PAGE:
The little things…there’s nothing bigger, is there?
– David Aames, ‘Vanilla Sky’
After I woke up, I got the first text. It didn’t make me smile, but I smiled anyway. There was no one to see it, but it seemed gracious to smile and reply with many, many thanks. The day had started off with sunshine, promising to be warm enough to wear a cotton trench, giving hope. There were several lunches that day, and supper and dinner too. By noon the temperatures started to plummet and it snowed during the first lunch. There was no going back to warmer weather after that; the day just got progressively chillier.
There were messages, on social networks, in person, through phone calls and text messages, expressing polite hope for happiness, granted wishes and, in some cases, a long life. Some were even punctuated with presents and cards and nice, kind words. I accepted them all graciously, loved them all and said so with a lot of gratitude. Little squeals of excitement were drawn from me with each ribbon loosened. Huge grins accompanied every rip made in the pretty paper carefully wrapped around the boxes holding pretty little things meant to induce happiness. A zillion “thank you so very much”s were emitted.
It was a good day, admittedly, but I felt uneasy. It had kicked in when I woke up, or maybe even before I had fallen asleep at 2 am the night before. I couldn’t easily tell. I was vaguely aware that, for some reason, my mind was populated with thoughts of people who were important to me.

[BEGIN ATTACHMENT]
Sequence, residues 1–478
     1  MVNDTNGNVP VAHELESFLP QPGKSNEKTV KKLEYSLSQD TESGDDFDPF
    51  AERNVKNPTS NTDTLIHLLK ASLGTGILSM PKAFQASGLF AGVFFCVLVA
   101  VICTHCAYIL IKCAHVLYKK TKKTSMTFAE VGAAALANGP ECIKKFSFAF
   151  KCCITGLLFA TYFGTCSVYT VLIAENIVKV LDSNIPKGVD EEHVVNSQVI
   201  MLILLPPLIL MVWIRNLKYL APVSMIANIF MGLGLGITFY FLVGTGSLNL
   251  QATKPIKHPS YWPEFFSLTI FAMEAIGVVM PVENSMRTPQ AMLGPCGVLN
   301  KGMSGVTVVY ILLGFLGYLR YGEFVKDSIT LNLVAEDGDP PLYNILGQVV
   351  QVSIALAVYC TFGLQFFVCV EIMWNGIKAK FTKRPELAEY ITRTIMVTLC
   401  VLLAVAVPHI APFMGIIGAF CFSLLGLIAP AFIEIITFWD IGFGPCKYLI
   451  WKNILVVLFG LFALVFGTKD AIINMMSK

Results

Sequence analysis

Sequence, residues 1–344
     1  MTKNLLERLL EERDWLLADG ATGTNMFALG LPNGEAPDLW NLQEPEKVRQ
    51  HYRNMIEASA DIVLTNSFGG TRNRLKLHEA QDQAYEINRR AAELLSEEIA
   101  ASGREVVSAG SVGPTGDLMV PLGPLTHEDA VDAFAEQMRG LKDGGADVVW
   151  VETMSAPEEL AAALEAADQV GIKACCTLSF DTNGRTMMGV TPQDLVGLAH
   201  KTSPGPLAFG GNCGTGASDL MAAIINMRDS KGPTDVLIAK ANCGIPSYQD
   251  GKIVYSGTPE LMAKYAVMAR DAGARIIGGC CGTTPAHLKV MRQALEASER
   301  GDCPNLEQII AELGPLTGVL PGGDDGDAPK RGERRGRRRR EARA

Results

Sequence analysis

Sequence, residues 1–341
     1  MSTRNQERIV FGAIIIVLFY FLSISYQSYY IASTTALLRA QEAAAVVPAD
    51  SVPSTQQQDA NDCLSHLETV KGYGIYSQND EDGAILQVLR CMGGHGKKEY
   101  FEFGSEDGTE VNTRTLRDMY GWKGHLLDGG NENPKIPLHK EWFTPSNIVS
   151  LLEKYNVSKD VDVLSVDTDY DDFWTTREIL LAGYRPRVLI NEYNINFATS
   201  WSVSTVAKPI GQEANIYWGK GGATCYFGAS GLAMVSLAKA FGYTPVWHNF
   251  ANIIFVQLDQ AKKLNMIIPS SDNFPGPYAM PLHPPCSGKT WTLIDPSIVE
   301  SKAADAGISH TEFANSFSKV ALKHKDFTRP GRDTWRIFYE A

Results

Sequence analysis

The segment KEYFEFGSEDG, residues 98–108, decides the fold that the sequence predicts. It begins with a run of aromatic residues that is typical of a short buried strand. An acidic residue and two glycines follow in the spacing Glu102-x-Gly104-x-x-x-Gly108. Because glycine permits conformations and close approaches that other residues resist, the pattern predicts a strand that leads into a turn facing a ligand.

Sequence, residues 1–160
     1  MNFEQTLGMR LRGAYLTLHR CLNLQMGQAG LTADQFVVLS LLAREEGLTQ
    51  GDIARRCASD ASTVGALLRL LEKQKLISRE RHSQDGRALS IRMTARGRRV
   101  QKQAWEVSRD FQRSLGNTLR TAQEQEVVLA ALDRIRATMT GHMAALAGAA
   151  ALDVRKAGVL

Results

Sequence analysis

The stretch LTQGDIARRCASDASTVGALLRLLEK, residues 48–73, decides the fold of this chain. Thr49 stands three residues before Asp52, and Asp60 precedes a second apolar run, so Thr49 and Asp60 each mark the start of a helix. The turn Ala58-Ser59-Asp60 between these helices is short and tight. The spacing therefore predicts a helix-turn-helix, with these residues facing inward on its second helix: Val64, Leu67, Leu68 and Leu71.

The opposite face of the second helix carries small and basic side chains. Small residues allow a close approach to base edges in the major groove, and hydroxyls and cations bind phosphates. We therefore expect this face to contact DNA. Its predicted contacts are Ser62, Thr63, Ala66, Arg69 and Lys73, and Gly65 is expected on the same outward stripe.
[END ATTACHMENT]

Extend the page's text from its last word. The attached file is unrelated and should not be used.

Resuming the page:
I got ready for bed. The clock struck midnight. I thought of calls I had waited for which hadn’t caused my phone to play its Twisted Nerve ringtone today. I left the sparkly gift bags, and their contents, that had come home with me on the floor by the bedroom door. I laid the shoes I had worn all day back into their box, covered with tissue. I thought of the people who knew how much it would mean to me but hadn’t given me a hug. I had bought the shoes exactly one year ago, as a gift to myself, but had never worn them until now.
I looked in the mirror and played with my week-old bangs, letting them fall over my forehead to see once again how different they made me look. I tried to turn off the auto-focus on a mental image floating around in my head, of the day and the people who were special to me, for as I looked at them, I saw the truth. I kicked off the little slippers I’d bought on a solo trip to Seville. I made the image go blurry and relegated it to an obscure spot where no one ever goes looking. An unwelcome thought of the people who hadn’t even remembered made its presence felt. I flicked off the lights and got under the warm, fluffy covers, dreaming unpleasantly the moment my head hit the satin-covered pillow.